“I didn’t know if it would be possible for me to drum up enough courage to ask him, even though he’s the sweetest man in the world, and certainly the most talented. But I just did it.” Talking about how he mustered up the courage to call the Beatles star, Depp said: “I just called him and told him that I have this idea for a gag in the film that might be fun, and asked if he would be interested. He thought it sounded cool, so we started talking about character.”

The title of the fifth instalment of the Pirates Of The Carribean franchise will be known as Pirates Of The Carribean: Salazar’s Revenge in India, Asia, Russia and Europe, and Pirates Of The Carribean: Dead Men Tell No Tales in the US. It is slated to release in India on May 26.

Image result for paul mccartney johnny depp

lunes, 22 de mayo de 2017

In New York Auction Sold Drawing of John Lennon

Music Lennon Sketch
This image released by Julien's Auctions shows John Lennon's black and white drawing of the iconic "Sgt. Pepper's Lonely Hearts Club" album cover. The drawing, discovered by the owners of the Weybridge house in England where Lennon lived from 1964-68, was auctioned on May 20, 2017. (Julien's Auctions via AP)
Photo Story: In New York Auction Sold Drawings of John Lennon and Kurt Cobain
May 22, 2017, Monday

The drawings of the leader of the British band The Beatles (the Beatles) John Lennon (1940-1980) and the frontman of the American band Nirvana (Nirvana) Kurt Cobain (1967-1994) was sold at auction held Saturday at the new York auction house Julien’s Auctions. This is stated in message posted on his official website, quoted by Russian Reality.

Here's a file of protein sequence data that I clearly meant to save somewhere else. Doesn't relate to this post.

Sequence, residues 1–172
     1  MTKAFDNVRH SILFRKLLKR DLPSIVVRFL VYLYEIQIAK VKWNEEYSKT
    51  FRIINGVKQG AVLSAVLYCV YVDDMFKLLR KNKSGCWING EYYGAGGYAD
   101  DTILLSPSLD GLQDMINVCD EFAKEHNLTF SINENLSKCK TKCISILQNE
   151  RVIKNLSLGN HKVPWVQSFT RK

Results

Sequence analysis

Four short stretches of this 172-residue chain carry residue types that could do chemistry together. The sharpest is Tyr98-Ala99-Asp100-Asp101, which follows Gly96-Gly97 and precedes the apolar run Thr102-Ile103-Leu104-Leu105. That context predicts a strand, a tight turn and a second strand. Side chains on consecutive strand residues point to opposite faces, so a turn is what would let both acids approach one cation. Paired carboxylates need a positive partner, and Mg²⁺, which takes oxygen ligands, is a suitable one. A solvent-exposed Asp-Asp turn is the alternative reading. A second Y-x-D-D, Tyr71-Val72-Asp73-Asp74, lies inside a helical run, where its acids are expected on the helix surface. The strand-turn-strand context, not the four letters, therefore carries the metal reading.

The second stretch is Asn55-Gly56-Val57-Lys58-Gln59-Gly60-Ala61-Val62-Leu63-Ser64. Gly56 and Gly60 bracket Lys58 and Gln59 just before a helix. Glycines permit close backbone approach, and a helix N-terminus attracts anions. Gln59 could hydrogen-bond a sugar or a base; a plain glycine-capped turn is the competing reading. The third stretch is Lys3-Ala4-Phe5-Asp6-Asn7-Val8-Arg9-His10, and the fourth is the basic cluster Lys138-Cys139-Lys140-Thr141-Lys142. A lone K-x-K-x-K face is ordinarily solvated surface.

For $87.5 thousand was sold by Lennon made a sketch image for the cover of the Beatles ‘ “Sgt. Pepper’s Lonely Hearts Club Band” (1967). The picture in black ink imprinted in schematic form, the musicians and flowerbeds lined with the colors of the group. Estimated value of the lot was $40 thousand — $60 thousand.

Image result for john lennon writing

The picture that you have created Cobain when I was in school, went under the hammer for $64 thousand This amount is many times exceeded the estimated value of lot $2 thousand — $4 thousand On the picture in the red-orange background shows four of a raccoon climbing over the black branches of a tree. In the lower right corner of the canvas signed: “curt”.

Among the most valuable lots also includes a piano, which was played by “the king of rock’ n ‘roll” Elvis Presley (1935-1977), and he owned a diamond ring. Musical instrument was sold for $112,5 thousand and decoration — $204,8 million For $112,5 thousand went under the hammer jacket, which was made by the “king of pop” Michael Jackson (1958-2009).

In New York Auction Sold Drawings of John Lennon and Kurt Cobain 

John Lennon's Accidental 'Getting Better' Acid Trip
Beatles' 'Sgt. Pepper' at 50: John Lennon's Accidental 'Getting Better' Acid Trip
Lennon swallowed the wrong pill the night he was supposed to record backing harmonies for the song. Weirdness – and male bonding – ensued
By Jordan Runtagh
19 may 2017

Read the story of John Lennon's accidental acid trip during the recording of the 'Sgt. Pepper' song "Getting Better."

The Beatles' Sgt. Pepper's Lonely Hearts Club Band, which Rolling Stone named as the best album of all time, turns 50 on June 1st. In honor of the anniversary, and coinciding with a new deluxe reissue of Sgt. Pepper, we present a series of in-depth pieces – one for each of the album's tracks, excluding the brief "Sgt. Pepper's Lonely Hearts Club Band" reprise on Side Two – that explore the background of this revolutionary and beloved record. Today's installment looks back on the night John Lennon accidentally dosed himself with acid before a recording session for "Getting Better."